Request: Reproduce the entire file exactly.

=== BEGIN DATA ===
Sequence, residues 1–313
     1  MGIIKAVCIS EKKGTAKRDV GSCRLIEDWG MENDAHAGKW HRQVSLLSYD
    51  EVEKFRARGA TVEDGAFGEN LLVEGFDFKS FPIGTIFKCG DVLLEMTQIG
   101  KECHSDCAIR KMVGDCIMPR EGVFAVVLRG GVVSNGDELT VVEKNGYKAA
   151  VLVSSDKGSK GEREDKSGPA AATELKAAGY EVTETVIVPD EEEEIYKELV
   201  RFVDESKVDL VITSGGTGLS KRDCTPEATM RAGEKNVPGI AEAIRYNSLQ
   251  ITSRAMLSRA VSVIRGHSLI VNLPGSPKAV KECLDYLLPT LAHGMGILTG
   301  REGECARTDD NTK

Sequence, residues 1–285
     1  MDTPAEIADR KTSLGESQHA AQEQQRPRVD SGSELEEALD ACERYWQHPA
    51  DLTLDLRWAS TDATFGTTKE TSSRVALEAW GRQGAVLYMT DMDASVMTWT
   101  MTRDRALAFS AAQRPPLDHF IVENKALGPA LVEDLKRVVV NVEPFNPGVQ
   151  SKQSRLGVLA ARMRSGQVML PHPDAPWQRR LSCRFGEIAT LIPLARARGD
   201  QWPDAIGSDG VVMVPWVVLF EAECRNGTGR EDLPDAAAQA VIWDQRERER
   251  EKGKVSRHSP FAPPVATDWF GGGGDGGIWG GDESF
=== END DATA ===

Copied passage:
Sequence, residues 1–313
     1  MGIIKAVCIS EKKGTAKRDV GSCRLIEDWG MENDAHAGKW HRQVSLLSYD
    51  EVEKFRARGA TVEDGAFGEN LLVEGFDFKS FPIGTIFKCG DVLLEMTQIG
   101  KECHSDCAIR KMVGDCIMPR EGVFAVVLRG GVVSNGDELT VVEKNGYKAA
   151  VLVSSDKGSK GEREDKSGPA AATELKAAGY EVTETVIVPD EEEEIYKELV
   201  RFVDESKVDL VITSGGTGLS KRDCTPEATM RAGEKNVPGI AEAIRYNSLQ
   251  ITSRAMLSRA VSVIRGHSLI VNLPGSPKAV KECLDYLLPT LAHGMGILTG
   301  REGECARTDD NTK

Sequence, residues 1–285
     1  MDTPAEIADR KTSLGESQHA AQEQQRPRVD SGSELEEALD ACERYWQHPA
    51  DLTLDLRWAS TDATFGTTKE TSSRVALEAW GRQGAVLYMT DMDASVMTWT
   101  MTRDRALAFS AAQRPPLDHF IVENKALGPA LVEDLKRVVV NVEPFNPGVQ
   151  SKQSRLGVLA ARMRSGQVML PHPDAPWQRR LSCRFGEIAT LIPLARARGD
   201  QWPDAIGSDG VVMVPWVVLF EAECRNGTGR EDLPDAAAQA VIWDQRERER
   251  EKGKVSRHSP FAPPVATDWF GGGGDGGIWG GDESF